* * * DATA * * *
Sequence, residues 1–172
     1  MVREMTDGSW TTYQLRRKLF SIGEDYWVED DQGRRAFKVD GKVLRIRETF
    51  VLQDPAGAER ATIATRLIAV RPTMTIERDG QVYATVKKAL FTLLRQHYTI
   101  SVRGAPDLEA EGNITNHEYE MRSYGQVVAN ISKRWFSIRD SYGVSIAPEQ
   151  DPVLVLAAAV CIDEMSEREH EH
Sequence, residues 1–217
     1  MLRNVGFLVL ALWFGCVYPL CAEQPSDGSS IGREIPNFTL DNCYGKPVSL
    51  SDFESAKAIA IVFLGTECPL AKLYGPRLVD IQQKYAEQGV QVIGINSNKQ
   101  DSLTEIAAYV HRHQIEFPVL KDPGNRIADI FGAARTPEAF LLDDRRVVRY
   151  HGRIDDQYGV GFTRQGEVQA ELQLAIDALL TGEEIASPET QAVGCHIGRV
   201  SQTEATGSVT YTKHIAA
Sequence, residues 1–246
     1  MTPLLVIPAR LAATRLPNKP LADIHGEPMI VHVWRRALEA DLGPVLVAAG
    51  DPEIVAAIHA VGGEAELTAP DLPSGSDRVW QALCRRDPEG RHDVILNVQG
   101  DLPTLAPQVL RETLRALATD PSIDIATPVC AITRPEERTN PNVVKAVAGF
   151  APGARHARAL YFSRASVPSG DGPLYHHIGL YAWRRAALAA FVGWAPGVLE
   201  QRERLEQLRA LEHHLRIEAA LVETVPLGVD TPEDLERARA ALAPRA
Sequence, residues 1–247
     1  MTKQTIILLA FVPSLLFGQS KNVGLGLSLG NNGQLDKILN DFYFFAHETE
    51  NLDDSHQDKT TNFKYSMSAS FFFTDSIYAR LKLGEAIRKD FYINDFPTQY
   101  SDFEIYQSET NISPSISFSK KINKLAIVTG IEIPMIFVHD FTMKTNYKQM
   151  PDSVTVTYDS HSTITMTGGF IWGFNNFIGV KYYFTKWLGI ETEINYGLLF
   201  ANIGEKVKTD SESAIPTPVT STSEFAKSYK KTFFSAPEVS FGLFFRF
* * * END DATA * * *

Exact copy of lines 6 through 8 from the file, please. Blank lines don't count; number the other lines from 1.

Sequence, residues 1–217
     1  MLRNVGFLVL ALWFGCVYPL CAEQPSDGSS IGREIPNFTL DNCYGKPVSL
    51  SDFESAKAIA IVFLGTECPL AKLYGPRLVD IQQKYAEQGV QVIGINSNKQ